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Fertiliser manufacturers’ credit metrics to improve in FY22: Ind-Ra

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Fertiliser manufacturers’ credit metrics will improve in the upcoming fiscal given the strong likelihood subsidy backlog clearance post allocation of an additional subsidy in the revised estimate (RE) of FY21, India Ratings and Research said in a report.

As per the report, the grant of an additional Rs 626 billion fertiliser subsidy in the revised estimate (RE) of FY21.

Consequently, the rating agency said “Will substantially reduce working capital debt and interest expenses.”

“This would also encourage the industry players to increase capital intensity to further improve their operating efficiencies,” the report said.

“Urea manufacturers would specifically benefit as their share of subsidy is generally 70 per cent of the revenues as opposed to 30 per cent for nitrogen-phosphate-potash (NPK) manufacturers.”

The report cited that subsidy budget estimate (BE) for FY22 is 11.5 per cent higher at Rs 795 billion than the FY21 BE of Rs 713 billion, the urea subsidy BE has been increased by 22.9 per cent to Rs 588 billion and the NPK subsidy BE has been reduced by 11.7 per cent to Rs 208 billion.

“Ind-Ra estimates the fertiliser sector debt to be in the range of Rs 535 billion- Rs 565 billion at FYE20, up from around INR495 billion in FY17. The debt is primarily working capital in nature and corresponds to an increase in subsidy receivables outstanding to Rs 470 billion – Rs 495 billion in FY20 from about Rs 455 billion in FY17.”

“The subsidy receivables contribute 85-90 per cent to the sector level debt. Accordingly, the sector’s net leverage was high at around 6.6x in FY20 (FY19: 6.5x) and interest coverage was modest at 2.2x (2.1x).”

However, the additional subsidy allocation is likely to substantially increase the sector’s cash flow from operations and free cash flows in FY22 from estimated Rs 55 billion and negative Rs 4 billion, respectively, in FY20.

“Ind-Ra does not expect any significant capex in the industry, other than for urea efficiency improvement for some players and regular maintenance and upgradation capex, in the near term.”

Accordingly, Ind-Ra estimated that clearance of full subsidy backlogs in FY22 would result in the sectoral net leverage declining to around 2x and interest coverage to moving upwards of 5x.

Furthermore, the resultant savings in interest expense are likely to improve return on equity for sector entities especially urea manufacturers up to double digits from the current range of 4-7 per cent.

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SpiceJet plane lands in Mumbai with cracked outer windshield

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A SpiceJet flight landed safely in Mumbai with its outer windshield of the cockpit cracked, an airline spokesperson said on Monday.

The incident took place on SpiceJet flight SG-3324 operating from Kandla (Gujarat) to Mumbai by a turboprop Q400 aircraft.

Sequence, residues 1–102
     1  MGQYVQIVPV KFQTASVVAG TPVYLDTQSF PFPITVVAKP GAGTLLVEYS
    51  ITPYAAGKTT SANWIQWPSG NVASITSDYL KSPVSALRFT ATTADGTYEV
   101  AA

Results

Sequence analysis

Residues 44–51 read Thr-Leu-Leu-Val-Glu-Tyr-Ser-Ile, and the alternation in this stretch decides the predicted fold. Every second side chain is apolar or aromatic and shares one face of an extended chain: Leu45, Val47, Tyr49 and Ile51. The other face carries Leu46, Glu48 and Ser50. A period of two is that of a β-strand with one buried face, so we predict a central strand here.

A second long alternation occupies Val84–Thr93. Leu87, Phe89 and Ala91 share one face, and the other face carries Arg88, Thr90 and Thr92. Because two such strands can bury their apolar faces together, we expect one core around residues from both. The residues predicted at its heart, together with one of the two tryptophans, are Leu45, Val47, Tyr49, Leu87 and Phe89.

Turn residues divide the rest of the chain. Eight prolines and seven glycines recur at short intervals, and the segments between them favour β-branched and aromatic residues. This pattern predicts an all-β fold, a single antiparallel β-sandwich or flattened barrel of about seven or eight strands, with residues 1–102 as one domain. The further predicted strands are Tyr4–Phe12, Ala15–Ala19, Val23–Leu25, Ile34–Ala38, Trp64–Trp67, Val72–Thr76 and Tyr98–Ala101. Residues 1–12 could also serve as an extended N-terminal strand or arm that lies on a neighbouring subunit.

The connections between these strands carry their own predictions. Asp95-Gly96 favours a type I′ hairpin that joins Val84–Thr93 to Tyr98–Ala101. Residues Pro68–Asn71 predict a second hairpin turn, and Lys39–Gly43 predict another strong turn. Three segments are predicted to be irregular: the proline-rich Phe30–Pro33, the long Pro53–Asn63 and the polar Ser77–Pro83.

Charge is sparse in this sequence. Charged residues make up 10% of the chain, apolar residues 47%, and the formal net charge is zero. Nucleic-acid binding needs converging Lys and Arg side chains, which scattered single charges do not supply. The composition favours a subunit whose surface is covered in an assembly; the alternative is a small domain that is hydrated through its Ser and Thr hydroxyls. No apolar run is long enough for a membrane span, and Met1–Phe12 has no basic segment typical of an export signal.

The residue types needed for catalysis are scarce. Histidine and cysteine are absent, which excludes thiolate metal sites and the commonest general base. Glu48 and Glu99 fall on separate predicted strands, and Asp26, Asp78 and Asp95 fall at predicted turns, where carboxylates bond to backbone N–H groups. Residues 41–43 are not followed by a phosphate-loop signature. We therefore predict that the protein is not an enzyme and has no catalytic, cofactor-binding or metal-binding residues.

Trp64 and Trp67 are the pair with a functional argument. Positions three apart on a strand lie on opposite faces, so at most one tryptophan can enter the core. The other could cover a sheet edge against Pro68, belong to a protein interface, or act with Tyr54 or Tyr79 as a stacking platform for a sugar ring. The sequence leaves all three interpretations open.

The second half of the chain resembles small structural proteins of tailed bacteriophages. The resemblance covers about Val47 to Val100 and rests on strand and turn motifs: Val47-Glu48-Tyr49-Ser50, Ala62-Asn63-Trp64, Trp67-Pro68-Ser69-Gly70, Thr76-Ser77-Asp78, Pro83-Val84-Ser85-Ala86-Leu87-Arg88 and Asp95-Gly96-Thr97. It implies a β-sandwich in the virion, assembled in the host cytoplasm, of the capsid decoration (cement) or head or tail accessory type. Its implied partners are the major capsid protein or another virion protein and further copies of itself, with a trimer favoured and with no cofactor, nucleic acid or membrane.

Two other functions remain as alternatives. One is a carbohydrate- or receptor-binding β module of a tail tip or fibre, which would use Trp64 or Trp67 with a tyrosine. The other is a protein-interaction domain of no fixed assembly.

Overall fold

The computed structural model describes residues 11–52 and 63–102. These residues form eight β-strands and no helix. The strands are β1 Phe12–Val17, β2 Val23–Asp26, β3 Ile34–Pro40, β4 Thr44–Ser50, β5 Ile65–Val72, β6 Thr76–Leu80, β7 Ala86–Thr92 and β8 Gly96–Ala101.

At around 23,000 feet height, the outer pane of the windshield on the co-pilot’s side cracked but the cabin pressurisation was observed to be normal.

The flight landed safely at Chhatrapati Shivaji Maharaj International Airport later, said the spokesperson, but the cause of the accident – the second on Monday for the low-cost carrier – is not clear yet.

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Nepal’s economy not like Sri Lanka’s, but can go that way: Former central bank Guv

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Dipendra Bahadur Chhetri, the former Governor of Nepal Rastra Bank (NRB), has said that the situation of Nepal’s economy is not like that of Sri Lanka.

However, if the political rights are given to the wrong persons like in Sri Lanka, there is a possibility of Nepal becoming the next Sri Lanka, he said, Republica reported.

Speaking at an interaction programme on the current economic situation in Nepal held in Kathmandu, Chhetri said the present situation in Sri Lanka is due to arbitrary tax rates imposed by the same family as the president, prime minister and finance minister.

He also mentioned that Nepal should not be associated with Sri Lanka as it has just held local elections and is now preparing to hold federal and provincial elections, Republica reported.

Similarly, the former central bank Governor said that Nepal’s foreign exchange reserves, SDRs and gold in foreign currency accounted for seven months of imports to meet the growing imports and consumption of petroleum products.

Likewise, he doubted that the forthcoming monetary policy to be introduced by the NRB would be as extensive as in the past. He said that the loans given by the banks to expand the capacity of the industry were used for import.

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Turkey increases minimum wage amid soaring inflation, currency volatility

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Turkish President Recep Tayyip Erdogan announced that the country’s minimum wage would be hiked up in the face of soaring inflation and volatile currency rates.

“The minimum wage will be 5,500 Turkish liras ($328) with an interim increase of 30 percent, effective immediately starting on July 1,” Erdogan said.

At the beginning of this year, the government increased the monthly minimum wage by 50 per cent to alleviate the financial burden on workers, reports Xinhua news agency.

Turkey has long been struggling against ever-increasing inflation.

In June, the total losses of the Turkish lira against the US dollar amounted to almost 100 per cent in one year.

Erdogan has long been focusing on a low-interest policy to increase exports and production for a stabilised lira, asking for patience from his voters.

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